This is last on my list, not because it’s a bad game (it would be a crime to even suggest such a thing), but because it’s not so much a remake as a re-optimisation to be released on consoles. I missed Crysis the first time around as I didn’t have a PC that could do it justice, so having it finally available on consoles is a wonderful thing. It’s a little odd to have this available after the sequel came out too, but there you go. Still a fantastic game, and only £15 as a download.

So this is my top 5. What do you think? What did I miss? And how about we follow this up with a post on the top 5 remakes that should be made?

Call of Duty Modern Warfare 3 fi

What next for the Call of Duty franchise?

Call of Duty Modern Warfare 3 has been upon us for a few weeks now. Not only has it reaffirmed the franchise’s position as the top selling shooter of all time, but it has also brought to an end a trilogy that started in 2007, when the first Modern Warfare took us away from the WWII era to err, more modern warfare. The first Modern Warfare introduced many new revolutionary features to the well-trodden shooter genre – such as sprinting, insanely epic set pieces, a compelling story, well implemented levelling up system, to name but a few. This is on top of taking the scale and intensity of its award-winning shooting formula to the next level. Oh and modern weaponry. Lots of modern weaponry.

So what’s next? As some reviews of MW3 have pointed out (although not as many as should have in my opinion), the Call of Duty formula has started to feel a little stale. Apart from building on the epic factor each time, there is little to differentiate each game in the trilogy. Each one is a well calculated improvement, but not a gutsy leap. Here’s a few more gutsy developments I’d like to see:

Stop releasing a new game every year – Let Treyarch develop a new IP instead of just plugging the gap between the more innovative, Infinity Ward-developed games (i.e. the Modern Warfare series).

Update the engine – This is no doubt in the plan already, but the Modern Warfare engine which has powered all the CoD games the first Modern Warfare (including World at War and Black Ops) is looking outdated now, especially when compared to the fantastic Battlefield 3 engine.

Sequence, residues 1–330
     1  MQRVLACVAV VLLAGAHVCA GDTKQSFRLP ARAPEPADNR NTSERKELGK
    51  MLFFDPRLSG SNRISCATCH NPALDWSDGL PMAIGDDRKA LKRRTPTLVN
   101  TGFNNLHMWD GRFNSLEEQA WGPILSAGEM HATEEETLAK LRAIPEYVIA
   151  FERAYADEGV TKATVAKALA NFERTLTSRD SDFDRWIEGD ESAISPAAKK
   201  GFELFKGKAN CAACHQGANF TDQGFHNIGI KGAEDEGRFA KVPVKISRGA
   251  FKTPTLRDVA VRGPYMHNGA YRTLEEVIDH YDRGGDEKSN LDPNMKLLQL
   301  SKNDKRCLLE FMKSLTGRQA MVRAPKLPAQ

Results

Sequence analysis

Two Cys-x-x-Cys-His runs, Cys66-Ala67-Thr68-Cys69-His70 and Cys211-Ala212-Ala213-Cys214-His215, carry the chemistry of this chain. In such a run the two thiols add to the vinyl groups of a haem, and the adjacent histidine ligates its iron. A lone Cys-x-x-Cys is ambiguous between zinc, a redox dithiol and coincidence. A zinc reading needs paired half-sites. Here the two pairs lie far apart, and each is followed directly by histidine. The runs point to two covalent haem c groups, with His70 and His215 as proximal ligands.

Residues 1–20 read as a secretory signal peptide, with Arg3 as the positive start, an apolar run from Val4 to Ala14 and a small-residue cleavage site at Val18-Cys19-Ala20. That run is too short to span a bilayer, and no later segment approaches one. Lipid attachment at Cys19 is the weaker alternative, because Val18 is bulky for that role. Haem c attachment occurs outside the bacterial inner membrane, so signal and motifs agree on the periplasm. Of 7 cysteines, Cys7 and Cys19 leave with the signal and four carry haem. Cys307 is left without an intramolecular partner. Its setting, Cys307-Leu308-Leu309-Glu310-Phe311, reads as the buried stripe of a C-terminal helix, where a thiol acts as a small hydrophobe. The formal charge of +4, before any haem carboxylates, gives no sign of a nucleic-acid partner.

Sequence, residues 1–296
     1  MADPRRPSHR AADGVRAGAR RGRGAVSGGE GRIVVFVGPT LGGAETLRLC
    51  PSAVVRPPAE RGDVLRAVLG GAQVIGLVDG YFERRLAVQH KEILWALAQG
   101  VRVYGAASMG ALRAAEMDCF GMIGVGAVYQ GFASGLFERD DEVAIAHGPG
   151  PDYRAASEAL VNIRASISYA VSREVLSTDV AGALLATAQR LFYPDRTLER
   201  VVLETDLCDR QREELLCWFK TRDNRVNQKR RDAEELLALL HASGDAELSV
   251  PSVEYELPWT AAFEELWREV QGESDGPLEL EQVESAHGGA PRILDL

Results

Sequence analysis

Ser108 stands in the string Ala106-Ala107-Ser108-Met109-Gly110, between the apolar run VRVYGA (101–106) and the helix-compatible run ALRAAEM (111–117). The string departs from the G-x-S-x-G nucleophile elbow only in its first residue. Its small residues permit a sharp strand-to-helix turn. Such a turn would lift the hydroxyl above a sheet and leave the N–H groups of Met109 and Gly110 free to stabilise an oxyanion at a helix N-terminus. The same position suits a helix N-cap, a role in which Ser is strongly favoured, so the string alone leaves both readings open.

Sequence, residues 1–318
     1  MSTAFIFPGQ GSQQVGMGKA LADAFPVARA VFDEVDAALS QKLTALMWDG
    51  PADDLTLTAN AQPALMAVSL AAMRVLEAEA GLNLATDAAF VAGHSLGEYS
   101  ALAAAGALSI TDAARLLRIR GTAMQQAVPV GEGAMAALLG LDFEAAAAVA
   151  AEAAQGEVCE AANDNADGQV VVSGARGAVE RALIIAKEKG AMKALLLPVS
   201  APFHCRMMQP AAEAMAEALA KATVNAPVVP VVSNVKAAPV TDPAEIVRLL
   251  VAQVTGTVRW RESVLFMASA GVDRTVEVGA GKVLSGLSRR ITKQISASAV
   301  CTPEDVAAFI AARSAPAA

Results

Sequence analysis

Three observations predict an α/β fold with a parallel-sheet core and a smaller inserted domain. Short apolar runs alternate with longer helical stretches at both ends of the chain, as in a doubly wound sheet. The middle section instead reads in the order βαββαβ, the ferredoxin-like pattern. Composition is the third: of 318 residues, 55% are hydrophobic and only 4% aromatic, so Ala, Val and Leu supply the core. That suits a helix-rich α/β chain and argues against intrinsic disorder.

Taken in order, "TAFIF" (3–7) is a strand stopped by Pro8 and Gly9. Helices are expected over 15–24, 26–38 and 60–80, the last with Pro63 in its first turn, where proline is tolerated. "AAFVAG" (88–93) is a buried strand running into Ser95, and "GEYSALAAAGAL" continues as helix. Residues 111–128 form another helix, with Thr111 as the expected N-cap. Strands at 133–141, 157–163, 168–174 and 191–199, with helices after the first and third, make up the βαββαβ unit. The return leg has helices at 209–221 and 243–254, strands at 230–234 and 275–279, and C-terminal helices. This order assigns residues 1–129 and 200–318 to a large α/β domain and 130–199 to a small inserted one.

Reset the formula – make bigger changes to the control mechanics. The feel of the game doesn’t have to change completely, but even the Halo franchise has managed to make noticeable changes to the feel with each iteration without losing the core gameplay mechanic (whether this stays true without Bungie in control remains to be seen).

Future Warfare! – The move to modern warfare was a very deliberate one by the franchise, as was the decision to launch it as a trilogy. No doubt Infinity Ward are thinking about the next theatre or era for the franchise. It may be predictable, but a Call of Duty set in the future would be really exciting. It would also be a great opportunity to reset the formula a bit – imagine shields, jet packs, lasers. It may sound a lot like Halo, but I’m sure Infinity Ward could make a very different product to that.

These are just a few of my ideas for taking the franchise forward, but my fear is that the next Call of Duty will do none of these things. This is because small iterations are the very essence of the Call of Duty formula. It has become, and remains, a cash cow for Activision, so I fear small iterations will remain the order of the day so that it remains so. It’s the sensible choice from a short-term profit generation perspective, but people want innovation in the long-term. After all that’s what made the franchise a success in the first place.